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What to include and what not to include in your academic poster.

Deciding on the amount of text

Due to the limited amount of space available, you’ll need to carefully control how much information to present, providing either a brief overview of your work (a bit like an abstract) or a deeper exploration of one particular aspect. It’s easy to overestimate how much writing you can fit on an academic poster, so try to have a clear idea about exactly what it is you want to communicate to your audience.

If you’re designing a poster based on a previous assignment or research, you may find it more manageable to choose one particular aspect to focus on in the poster than try to cram everything in and risk overloading the audience. Try to summarise the main point you want your poster to communicate in a sentence or two. If you can’t, that might indicate that you’re trying to convey too much.

For each of the following examples you can download a full PDF version of the image displayed.

Example 1

This poster contains a fair bit of text in small font, which may make it difficult to read. In an exhibition space, viewers would have to get close to the poster, potentially blocking the view of others. It may also take a long time to read, so the creator has added subtitles to make the poster easier to navigate and put some of the key findings in bold to help viewers identify the most important information quickly and easily. Depending on the size, your conference or event might include 20-200 posters and so viewers will be unlikely to invest a large amount of time on any single poster.

Example of an academic poster

Example 2

This poster uses blank space, attractive images and bullet points rather than full sentences to reduce the amount of words contained on the poster. This makes it easier to read and absorb the main points in a short period of time, but the reader might also be left wanting to know more. For example, in the ‘Partnership’ section, they might want to know more about what exactly the ‘positive conversations’ look like. In this instance, the creator has added a QR code that links out to more detail if the viewer wants it.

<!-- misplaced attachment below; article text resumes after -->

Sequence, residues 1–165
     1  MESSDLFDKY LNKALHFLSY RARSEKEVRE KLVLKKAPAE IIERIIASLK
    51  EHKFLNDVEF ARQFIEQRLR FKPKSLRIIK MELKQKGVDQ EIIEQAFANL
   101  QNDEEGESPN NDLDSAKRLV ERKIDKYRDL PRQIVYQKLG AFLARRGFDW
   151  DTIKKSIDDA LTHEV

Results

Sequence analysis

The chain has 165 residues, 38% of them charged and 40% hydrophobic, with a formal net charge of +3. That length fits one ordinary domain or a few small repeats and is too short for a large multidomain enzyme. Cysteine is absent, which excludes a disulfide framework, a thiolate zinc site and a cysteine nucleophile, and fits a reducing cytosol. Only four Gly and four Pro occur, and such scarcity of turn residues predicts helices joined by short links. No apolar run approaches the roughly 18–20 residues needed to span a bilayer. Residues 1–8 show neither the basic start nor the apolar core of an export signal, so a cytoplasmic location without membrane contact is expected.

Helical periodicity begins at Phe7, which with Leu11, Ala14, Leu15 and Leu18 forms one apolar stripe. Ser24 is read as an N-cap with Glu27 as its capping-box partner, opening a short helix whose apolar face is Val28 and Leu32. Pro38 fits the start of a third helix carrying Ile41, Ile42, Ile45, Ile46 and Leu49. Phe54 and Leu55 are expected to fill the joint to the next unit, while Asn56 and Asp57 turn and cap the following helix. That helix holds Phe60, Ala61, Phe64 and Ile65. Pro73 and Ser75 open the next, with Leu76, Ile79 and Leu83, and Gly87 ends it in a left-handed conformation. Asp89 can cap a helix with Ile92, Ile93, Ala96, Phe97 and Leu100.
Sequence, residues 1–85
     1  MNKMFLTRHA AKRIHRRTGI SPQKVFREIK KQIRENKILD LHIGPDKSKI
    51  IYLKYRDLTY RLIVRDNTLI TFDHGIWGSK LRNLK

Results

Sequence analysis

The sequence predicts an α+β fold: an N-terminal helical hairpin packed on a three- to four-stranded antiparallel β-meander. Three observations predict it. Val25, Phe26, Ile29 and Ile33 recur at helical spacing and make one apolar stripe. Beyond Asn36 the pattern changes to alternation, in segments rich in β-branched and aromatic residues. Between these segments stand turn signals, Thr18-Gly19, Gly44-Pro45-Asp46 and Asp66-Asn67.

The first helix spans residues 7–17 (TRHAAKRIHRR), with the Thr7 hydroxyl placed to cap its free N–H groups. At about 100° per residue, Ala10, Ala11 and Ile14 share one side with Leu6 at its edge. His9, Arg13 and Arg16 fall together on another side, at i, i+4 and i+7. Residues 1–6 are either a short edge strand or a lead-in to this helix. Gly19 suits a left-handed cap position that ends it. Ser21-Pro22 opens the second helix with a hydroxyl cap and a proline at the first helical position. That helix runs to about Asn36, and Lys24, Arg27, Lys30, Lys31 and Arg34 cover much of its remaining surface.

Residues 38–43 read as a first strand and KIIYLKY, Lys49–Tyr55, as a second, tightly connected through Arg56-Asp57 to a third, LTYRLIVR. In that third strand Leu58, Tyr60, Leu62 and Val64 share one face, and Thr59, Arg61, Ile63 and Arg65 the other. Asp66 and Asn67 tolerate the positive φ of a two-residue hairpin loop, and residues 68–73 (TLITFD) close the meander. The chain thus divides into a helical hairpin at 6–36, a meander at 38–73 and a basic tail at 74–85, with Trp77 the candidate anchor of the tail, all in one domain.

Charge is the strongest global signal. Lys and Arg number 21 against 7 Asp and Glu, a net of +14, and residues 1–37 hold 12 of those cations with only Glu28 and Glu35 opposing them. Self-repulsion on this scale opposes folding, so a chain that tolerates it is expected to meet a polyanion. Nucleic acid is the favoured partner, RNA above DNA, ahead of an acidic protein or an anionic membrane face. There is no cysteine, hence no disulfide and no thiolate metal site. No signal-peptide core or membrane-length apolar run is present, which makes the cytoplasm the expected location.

Example of an academic poster

Communicating with visuals

Posters also allow you to communicate information visually, rather than through words and you might find it more efficient (and easier on the eye) to avoid large blocks of text. Think about what information could be more easily or concisely communicated using images, charts and/or diagrams. You can also save space by strategically using references or links that tell the reader where they might find any information that you don’t have the space to include.

Example 3

This poster uses different graphics to make different types of information easier for the audience to process. It uses bar charts to compare data and a diagram to illustrate relationships. However, graphics don’t speak for themselves, so it’s helpful to provide a bit of text explaining the graphic that not only tells the reader what it shows, but also why it’s significant.

Example of an academic poster